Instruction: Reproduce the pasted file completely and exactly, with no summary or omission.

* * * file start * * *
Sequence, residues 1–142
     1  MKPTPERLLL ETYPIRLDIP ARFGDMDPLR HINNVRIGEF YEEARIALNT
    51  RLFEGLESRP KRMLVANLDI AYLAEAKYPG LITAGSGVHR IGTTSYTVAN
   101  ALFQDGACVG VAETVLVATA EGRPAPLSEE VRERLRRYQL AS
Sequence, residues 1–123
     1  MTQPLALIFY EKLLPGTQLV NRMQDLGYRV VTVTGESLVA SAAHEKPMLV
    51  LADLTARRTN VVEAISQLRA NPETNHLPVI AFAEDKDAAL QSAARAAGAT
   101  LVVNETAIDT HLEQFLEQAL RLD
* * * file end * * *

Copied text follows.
Sequence, residues 1–142
     1  MKPTPERLLL ETYPIRLDIP ARFGDMDPLR HINNVRIGEF YEEARIALNT
    51  RLFEGLESRP KRMLVANLDI AYLAEAKYPG LITAGSGVHR IGTTSYTVAN
   101  ALFQDGACVG VAETVLVATA EGRPAPLSEE VRERLRRYQL AS
Sequence, residues 1–123
     1  MTQPLALIFY EKLLPGTQLV NRMQDLGYRV VTVTGESLVA SAAHEKPMLV
    51  LADLTARRTN VVEAISQLRA NPETNHLPVI AFAEDKDAAL QSAARAAGAT
   101  LVVNETAIDT HLEQFLEQAL RLD